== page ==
Clinical Advances in Hematology & Oncology
March 2017, Volume 15, Issue 3
I was joking around with one of my AML colleagues a while back, teasing him about giving 7 + 3 chemotherapy. That recipe has been around for 30-plus years. For lymphoma docs like me, it makes attending on the leukemia service pretty easy. I know 7 + 3. I can explain it to patients. I know what to expect each week of induction therapy. I know when the counts should start to recover. I know when things are going to go bad. It’s sad for patients, of course, that the AML field has struggled to move beyond 7 + 3 after all of these years. It’s not for lack of effort. There are outstanding people working in this area, and they have tried. AML is a tough nut to crack.
I suppose that by making my dig, I was acting as if the lymphoma docs had somehow cracked the code in diffuse large B-cell lymphoma. My leukemia colleague called me on this, asking, “if not for rituximab, where would you be in DLBCL?” We had been stuck with CHOP for 25 years, curing about 45% of patients, when the field took a quantum leap forward with the addition of rituximab. The “cure rate” jumped by about 15 percentage points overnight. We now expect to cure about 60% of unselected patients with DLBCL. It was a huge advance. The problem is that there has been no additional progress for the past 15 years. We are more than halfway to another 25-year lull. This past ASH meeting was another sobering experience, with 2 high-profile negative studies.
CALGB/Alliance 50303 was a randomized clinical trial, conducted by the US Intergroup, that compared R-CHOP vs dose-adjusted EPOCH-R for previously untreated DLBCL. The rationale for DA-EPOCH-R was solid, with infusional chemotherapy designed to overcome drug resistance and pharmacodynamically guided dose adjustments with each cycle designed to maximize the cell kill. The phase 2 data were strong, suggesting a cure rate close to 80% in a multicenter trial. In the phase 3 trial reported at ASH, 524 patients were randomized over an 8-year period. DA-EPOCH-R demonstrated more myelosuppression, febrile neu-tro-penia, neuropathy, and early discontinuations than R-CHOP. There was no difference between the 2 regimens in efficacy. The event-free survival was approximately 80% in both arms at 3 years. So what happened? The problem was not with the experimental arm, which performed essentially as expected. The problem was with the control arm, which exceeded the study expectations. In retrospective data sets, R-CHOP appears to cure about 60% of patients with unselected DLBCL. In most clinical trials, where the eligibility criteria result in the enrollment of younger, healthier individuals, the cure rate usually comes in at around 70%. The 80% rate observed in CALGB/Alliance 50303 is likely the result of “extreme vetting” of patients by requiring a fresh tumor biopsy before study enrollment. This requirement precluded the sickest patients from enrollment. The statistical projection was for a 55% cure rate with R-CHOP. The correct assumptions would have required a trial twice as large and twice as long, so this was a substantial design flaw.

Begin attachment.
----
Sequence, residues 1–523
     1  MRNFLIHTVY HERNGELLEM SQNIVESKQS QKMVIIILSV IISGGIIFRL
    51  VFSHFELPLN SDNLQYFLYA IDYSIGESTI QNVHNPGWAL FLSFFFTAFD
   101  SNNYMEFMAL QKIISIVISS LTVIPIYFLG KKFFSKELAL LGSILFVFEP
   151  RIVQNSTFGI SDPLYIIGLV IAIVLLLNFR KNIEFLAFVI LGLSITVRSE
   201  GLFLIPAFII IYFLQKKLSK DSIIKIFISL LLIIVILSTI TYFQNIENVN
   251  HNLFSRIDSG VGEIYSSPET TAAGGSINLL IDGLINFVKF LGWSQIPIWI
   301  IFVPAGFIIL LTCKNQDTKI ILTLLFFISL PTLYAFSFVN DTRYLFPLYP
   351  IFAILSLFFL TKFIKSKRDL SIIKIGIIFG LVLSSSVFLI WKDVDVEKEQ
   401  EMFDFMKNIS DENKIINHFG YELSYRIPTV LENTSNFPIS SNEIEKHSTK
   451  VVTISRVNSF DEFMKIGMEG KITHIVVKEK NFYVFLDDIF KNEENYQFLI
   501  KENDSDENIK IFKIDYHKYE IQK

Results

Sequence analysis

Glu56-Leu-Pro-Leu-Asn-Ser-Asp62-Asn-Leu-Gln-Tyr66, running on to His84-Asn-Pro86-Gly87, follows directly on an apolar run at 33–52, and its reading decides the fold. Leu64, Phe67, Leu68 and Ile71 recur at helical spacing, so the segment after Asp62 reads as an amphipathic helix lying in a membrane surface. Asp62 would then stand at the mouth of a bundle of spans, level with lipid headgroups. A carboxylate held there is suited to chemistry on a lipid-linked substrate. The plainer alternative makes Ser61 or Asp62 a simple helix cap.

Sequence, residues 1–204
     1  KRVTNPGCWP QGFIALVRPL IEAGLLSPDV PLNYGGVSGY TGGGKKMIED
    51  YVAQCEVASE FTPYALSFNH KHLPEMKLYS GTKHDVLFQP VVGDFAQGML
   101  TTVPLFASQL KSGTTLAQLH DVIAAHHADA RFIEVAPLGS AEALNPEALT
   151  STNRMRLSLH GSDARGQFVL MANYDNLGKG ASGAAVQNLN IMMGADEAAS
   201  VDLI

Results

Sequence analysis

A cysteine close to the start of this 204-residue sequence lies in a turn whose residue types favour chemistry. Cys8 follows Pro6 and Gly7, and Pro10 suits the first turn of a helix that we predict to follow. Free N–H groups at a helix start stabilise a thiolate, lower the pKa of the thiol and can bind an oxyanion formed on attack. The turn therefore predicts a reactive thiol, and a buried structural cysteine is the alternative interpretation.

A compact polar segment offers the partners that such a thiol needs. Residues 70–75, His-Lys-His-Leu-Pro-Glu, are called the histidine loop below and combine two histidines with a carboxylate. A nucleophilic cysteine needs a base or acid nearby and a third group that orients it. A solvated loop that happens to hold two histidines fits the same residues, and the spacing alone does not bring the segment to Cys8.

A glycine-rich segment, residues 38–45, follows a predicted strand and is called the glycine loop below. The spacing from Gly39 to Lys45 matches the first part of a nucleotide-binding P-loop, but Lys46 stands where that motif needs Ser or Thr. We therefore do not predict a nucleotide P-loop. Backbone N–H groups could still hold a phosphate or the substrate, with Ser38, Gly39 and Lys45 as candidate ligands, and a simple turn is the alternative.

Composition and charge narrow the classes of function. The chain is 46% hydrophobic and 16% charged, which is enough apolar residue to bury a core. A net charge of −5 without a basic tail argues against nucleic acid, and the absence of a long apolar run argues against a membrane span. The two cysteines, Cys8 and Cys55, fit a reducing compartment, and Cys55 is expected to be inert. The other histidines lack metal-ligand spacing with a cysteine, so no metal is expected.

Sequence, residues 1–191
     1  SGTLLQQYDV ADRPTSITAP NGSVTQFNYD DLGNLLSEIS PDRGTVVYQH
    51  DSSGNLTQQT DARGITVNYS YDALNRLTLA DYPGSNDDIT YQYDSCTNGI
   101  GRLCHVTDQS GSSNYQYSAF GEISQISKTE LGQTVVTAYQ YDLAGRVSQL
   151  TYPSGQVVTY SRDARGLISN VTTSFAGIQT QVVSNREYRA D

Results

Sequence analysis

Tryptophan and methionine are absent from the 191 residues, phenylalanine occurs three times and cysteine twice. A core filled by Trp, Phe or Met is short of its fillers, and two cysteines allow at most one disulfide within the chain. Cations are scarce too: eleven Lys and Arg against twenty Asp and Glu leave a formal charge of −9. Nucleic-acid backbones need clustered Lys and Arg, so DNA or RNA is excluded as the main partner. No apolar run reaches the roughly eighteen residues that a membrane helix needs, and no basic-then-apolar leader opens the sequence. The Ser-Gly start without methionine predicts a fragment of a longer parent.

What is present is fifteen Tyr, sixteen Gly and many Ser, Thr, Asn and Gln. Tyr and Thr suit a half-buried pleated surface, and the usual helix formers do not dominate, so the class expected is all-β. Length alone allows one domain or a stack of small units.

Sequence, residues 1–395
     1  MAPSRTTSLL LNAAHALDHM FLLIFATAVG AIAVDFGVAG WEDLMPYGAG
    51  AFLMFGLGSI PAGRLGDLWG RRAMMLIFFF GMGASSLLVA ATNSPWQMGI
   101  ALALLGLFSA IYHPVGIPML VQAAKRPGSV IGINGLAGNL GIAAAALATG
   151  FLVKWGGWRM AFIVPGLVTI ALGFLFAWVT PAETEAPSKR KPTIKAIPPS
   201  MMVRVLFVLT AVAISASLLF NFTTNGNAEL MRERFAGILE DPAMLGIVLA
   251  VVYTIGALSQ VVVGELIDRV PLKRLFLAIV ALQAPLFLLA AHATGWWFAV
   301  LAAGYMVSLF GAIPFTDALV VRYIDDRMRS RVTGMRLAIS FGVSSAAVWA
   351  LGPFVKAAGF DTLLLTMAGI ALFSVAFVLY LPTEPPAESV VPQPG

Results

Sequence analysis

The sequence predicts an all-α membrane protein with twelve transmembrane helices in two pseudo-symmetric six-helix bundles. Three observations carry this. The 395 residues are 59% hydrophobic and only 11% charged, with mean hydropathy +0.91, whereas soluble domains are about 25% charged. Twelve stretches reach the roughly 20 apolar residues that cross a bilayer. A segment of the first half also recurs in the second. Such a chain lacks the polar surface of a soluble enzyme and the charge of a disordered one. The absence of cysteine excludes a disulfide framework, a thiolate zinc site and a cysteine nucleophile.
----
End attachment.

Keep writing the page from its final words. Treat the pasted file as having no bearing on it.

The other negative DLBCL trial presented at ASH was GOYA. This was a Roche-sponsored, multicenter, international trial comparing R-CHOP vs G-CHOP in previously untreated DLBCL. In this instance, G stands for Gazyva, which is the trade name for obinutuzumab, the novel anti-CD20 agent tested in the GALLIUM trial I discussed last month. In this trial, 1400 patients were enrolled in less than 4 years. Contrast that with the 8 years it took to enroll 500 patients in CALGB/Alliance 50303—a testament to what adequate funding of a trial can do. G-CHOP demonstrated slightly more myelosuppression and infections than R-CHOP, but the difference in toxicity generally was not clinically significant. The 3-year PFS was 70% in both arms. R-CHOP beat back another challenger.
In addition to the 2 trials mentioned above, other recent nonwinning strategies have included upfront stem cell transplant and dose-dense R-CHOP. So where to go from here? Obviously, significant hope rests upon our ability to capitalize on a better understanding of DLBCL biology. We can reliably distinguish among different subtypes of DLBCL by cell-of-origin testing. Ibrutinib and lenalidomide both appear to have preferential activity in the ABC subtype, and RCTs testing these agents with an R-CHOP backbone are underway. In addition, DLBCL with high expression of MYC and BCL-2 (double expressors) and with MYC and BCL-2 rearrangements (formerly known as double-hit DLBCL) will soon be tested with the selective BCL-2 inhibitor venetoclax. There is a saying that persistence pays off. For the sake of our DLBCL patients (and our AML patients), we must persevere.
Until next month . . .
Brad S. Kahl, MD